The Dangers of Asking for Too Much in a Child Custody Case
No one goes into a child custody case expecting to lose. Unfortunately, many people do exactly that by asking for too much in their initial pleadings. If you’re considering divorce and have children, or even if you’re considering a modification to a current child custody order, it’s important to remember that the decisions you make during this time will impact them for the rest of their lives. Asking for more than you can realistically be awarded by the Court may seem like a good idea at first, but it can and will backfire badly if the other parent decides to fight back. In this article, we’ll discuss some of the dangers of asking for too much in a child custody case.
Asking for Too Much May Mean You Get Nothing
One of the real dangers of asking for too much in any child custody case is that you may end up with nothing at all. Child custody cases are decided by judges, who will look at a variety of factors to determine what is in the best interests of the child. If you make demands that are unreasonable, unattainable under the law, or that would not be in the best interests of the child, the judge is likely to ignore them entirely. What’s worse is the judge will likely use this as evidence of your character or your inability to make appropriate child-focused decisions going forward.
Even if you and the other parent are able to come to an agreement on some issues, such as visitation or child support, it’s important to remember that these agreements are not binding on the court. The judge can still modify them at any time if they feel they have enough evidence to support changing your agreement or if it is necessary to protect the best interests of the children involved.
You Will Lose Credibility with the Court Going Forward
Another danger of asking for too much is that you may set a precedent about your lack of good faith or credibility for all future cases regarding your family. If you make demands that are unreasonable in your current case, the judge may view future requests you make of the Court much more skeptically. This could have a lasting impact on your ability to get what you want in future modification cases, even if your circumstances have changed or if the best interests of the child would now support your request.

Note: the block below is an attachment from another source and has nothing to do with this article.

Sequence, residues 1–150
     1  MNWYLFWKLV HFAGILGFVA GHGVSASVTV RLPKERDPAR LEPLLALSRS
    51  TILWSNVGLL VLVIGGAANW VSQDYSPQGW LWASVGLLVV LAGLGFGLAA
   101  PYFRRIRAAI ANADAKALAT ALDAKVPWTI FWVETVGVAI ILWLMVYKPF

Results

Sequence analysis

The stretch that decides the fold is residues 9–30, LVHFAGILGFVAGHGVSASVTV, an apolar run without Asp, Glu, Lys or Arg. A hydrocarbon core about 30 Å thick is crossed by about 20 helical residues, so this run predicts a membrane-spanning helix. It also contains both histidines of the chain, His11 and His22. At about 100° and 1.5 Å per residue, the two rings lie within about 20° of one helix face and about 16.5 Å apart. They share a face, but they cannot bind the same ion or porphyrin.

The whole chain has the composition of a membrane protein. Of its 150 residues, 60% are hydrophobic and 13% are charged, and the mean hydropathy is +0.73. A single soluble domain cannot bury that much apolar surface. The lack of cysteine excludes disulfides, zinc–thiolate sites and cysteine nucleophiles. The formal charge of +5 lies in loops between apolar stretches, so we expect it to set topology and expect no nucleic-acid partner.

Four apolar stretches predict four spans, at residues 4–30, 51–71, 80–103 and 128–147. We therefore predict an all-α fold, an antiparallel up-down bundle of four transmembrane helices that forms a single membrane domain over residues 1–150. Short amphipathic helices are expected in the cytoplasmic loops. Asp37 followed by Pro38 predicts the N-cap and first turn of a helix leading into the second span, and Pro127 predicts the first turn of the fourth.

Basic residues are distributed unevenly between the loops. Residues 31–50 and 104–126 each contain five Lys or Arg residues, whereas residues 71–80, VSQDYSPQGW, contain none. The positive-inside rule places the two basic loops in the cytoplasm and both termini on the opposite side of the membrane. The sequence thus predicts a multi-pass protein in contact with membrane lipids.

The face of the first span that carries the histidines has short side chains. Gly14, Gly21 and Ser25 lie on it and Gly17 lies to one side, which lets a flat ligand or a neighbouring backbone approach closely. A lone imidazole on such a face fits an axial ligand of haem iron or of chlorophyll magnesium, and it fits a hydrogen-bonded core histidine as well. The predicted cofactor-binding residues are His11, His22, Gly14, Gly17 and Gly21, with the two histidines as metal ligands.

It’s important to be realistic when asking for things in a child custody case, both for the sake of your current case and for any future cases you may find yourself involved in. Child custody cases are serious business, and it’s important to remember that what you ask for can and will have lasting implications. If you’re not sure what you should be asking for as the facts of your circumstances change, schedule time to talk through all the options with an experienced family law attorney who will be honest with you about the reasonableness of your litigation goals.
Asking for Too Much May Alienate You from the Child Custody Professionals in Your Case
Almost every contested child custody case in South Carolina will have a Guardian ad Litem appointed to represent and advocate for the best interests of the children. The Guardian ad Litem is a professional appointed by the Court to investigate the circumstances of the parents and the children, interview relevant witnesses involved in the case, and then make a recommendation to the Court about what factors should be considered by the Court when deciding which custody arrangement would be in the best interests of the children. The Guardian ad Litem will also have regular contact with each parent, the attorneys for both sides, as well as with any other professionals who may be involved in the case, such as counselors or psychologists.
One of the dangers of asking for too much is that you may alienate yourself from these important child custody professionals whose job it is to help evaluate and advocate for what will be best for the children long-term. If you’re making unreasonable demands or acting inappropriately during this process, it’s likely that they will report this to the judge and make formal recommendations against anything you’re asking for as being harmful or potentially harmful for your children. If a judge receives these types of reports or opinions from professionals they work with every week on hundreds of cases every year, they take them very seriously, so always be aware of how your requests, demands, and behavior could be viewed by the judge ruling on your case.